|Costing Interventions for OVC|
This section treats some costing issues of particular relevance for OVC interventions. For more general guidelines to costing of project interventions, please refer to the documents under “Relevant Reading” in the left column of this page.
The costs of OVC interventions are a function of the following factors:
There are two ways to look at the costs of OVC projects: (i) How much your project has to pay? And (ii) what is the overall cost of the project? The first question refers mainly to your agency’s (and local partner’s) financial costs, and the answer will provide information for your budgeting. The second question deals with the economic costs of the intervention, and thus refers to all contributions, including those you do not have to pay for, coming from institutions and individuals in the society where you work: in short, the imputed value of voluntary labor, donated goods, and the value of rebates compared to paying full price (price distortion).
Remember that a building donated by the municipality could also have been used for instance for teaching, and the time volunteered by a doctor could for instance have been used to help a malnourished child. The economic cost of your project is therefore an expression of the opportunity costs of the values that go into the project, and is thus important to calculate in order to understand the potential sustainability of an intervention that is to be gradually taken over by the country.
The latter is particularly important to consider in the context of OVC projects since such projects typically benefit greatly from the contribution of volunteers, donations of food, clothing, and even buildings, and often receive rebates on services like health care, legal support, school fees and psychosocial care. For more detail on economic costing, please refer to the UNAIDS publication on Costing Guidelines for HIV Prevention Strategies [NB! Heavy!].
As for all World Bank projects, the Government should be responsible for paying for most of the staff and other recurrent operating costs. If your project is a new initiative, you may want to consider covering a declining portion of the recurrent costs as a means of getting the initiative underway quickly and giving the Government some time to find the funding to keep it going. Note that Bank rules used to allow financing of only additional recurrent costs associated with project implementation, while a new Bank procedure on eligibility of expenses (OP 6.00 and BP 6.00) allows for financing of any recurrent cost as long as an appropriate justification is provided.
In deciding on who will finance which line items, keep the following principles in mind:
As you prepare your OVC budget keep in mind the following three types of costs and pros and cons of each.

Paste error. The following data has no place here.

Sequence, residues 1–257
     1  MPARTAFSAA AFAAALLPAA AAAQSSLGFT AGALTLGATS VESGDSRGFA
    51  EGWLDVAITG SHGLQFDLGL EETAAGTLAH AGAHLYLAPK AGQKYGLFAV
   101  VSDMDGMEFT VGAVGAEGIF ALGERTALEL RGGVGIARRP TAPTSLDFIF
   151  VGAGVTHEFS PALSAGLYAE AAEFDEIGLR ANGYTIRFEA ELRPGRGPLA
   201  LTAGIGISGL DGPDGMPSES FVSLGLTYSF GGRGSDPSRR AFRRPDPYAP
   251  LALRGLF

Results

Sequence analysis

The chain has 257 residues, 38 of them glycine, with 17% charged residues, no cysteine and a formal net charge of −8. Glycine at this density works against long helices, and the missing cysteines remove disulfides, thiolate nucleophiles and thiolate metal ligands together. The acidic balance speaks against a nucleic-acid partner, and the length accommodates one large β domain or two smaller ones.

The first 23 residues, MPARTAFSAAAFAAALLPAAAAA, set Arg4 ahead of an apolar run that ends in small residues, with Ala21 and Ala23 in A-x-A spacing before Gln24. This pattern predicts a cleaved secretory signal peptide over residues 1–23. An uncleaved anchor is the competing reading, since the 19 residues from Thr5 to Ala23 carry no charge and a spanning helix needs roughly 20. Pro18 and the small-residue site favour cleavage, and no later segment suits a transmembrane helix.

Investment Costs – Keeping investment costs low may, in some cases, be a way to lower the overall cost per beneficiary, but keep in mind that some cost-cutting at this stage may, in fact, increase the recurrent costs of the project, and thus the long-term financial burden on the government and other partners. For example, the construction of a project facility or the purchase of a vehicle will be a high up-front cost, but will serve to lower the recurrent costs by eliminating lease payments. If the OVC intervention is expected to be a long-term program, then making this kind of up-front investment makes sense. If, on the other hand, it is expected to be a short-term, temporary program, such as transitioning child soldiers back to community life, then leasing of space and vehicles may make more sense than purchase.
Fixed Operating Costs – Some costs, such as the salaries of full-time staff, office rent and utilities must be paid regardless of how many OVC the program serves. These types of costs can benefit from economies of scale. As the number of beneficiaries increases, the cost per child of each of these expenditures declines. For this reason, programs with high fixed costs, such as center-based care or training facilities, may benefit from expanding their reach to serve different OVC sub-groups or children not typically considered OVC. Here again, programs that are expected to be short-term or programs whose beneficiary numbers are expected to vary significantly from one period to the next should attempt to minimize their fixed costs, in favor of variable costs. Practically, this may involve choosing to use consultants instead of hiring staff or contracting out functions such as training, technical assistance and monitoring and evaluation services.
Variable Operating Costs – Strictly defined, variable costs are the incremental costs of delivering one unit of service. Variable costs increase at a steady rate as the number of beneficiaries increase, but have no impact on the cost per capita, which remains unchanged as the numbers of beneficiaries fluctuate. In an OVC project, variable costs might include the purchase of food, medical supplies, and training materials or the value of a conditional transfer per child. In some cases, these costs are semi-variable, as in the case of a project that maintains a child to adult helper ratio of 10 to 1. A new team member must be added each time the ratio goes over 10 to 1. As explained above, for short-term temporary programs or those that will serve an every fluctuating volume of beneficiaries, it is best to maximize variable costs and minimize fixed costs, thus facilitating the rapid scaling up and scaling down of the program in accordance with the size of the beneficiary population.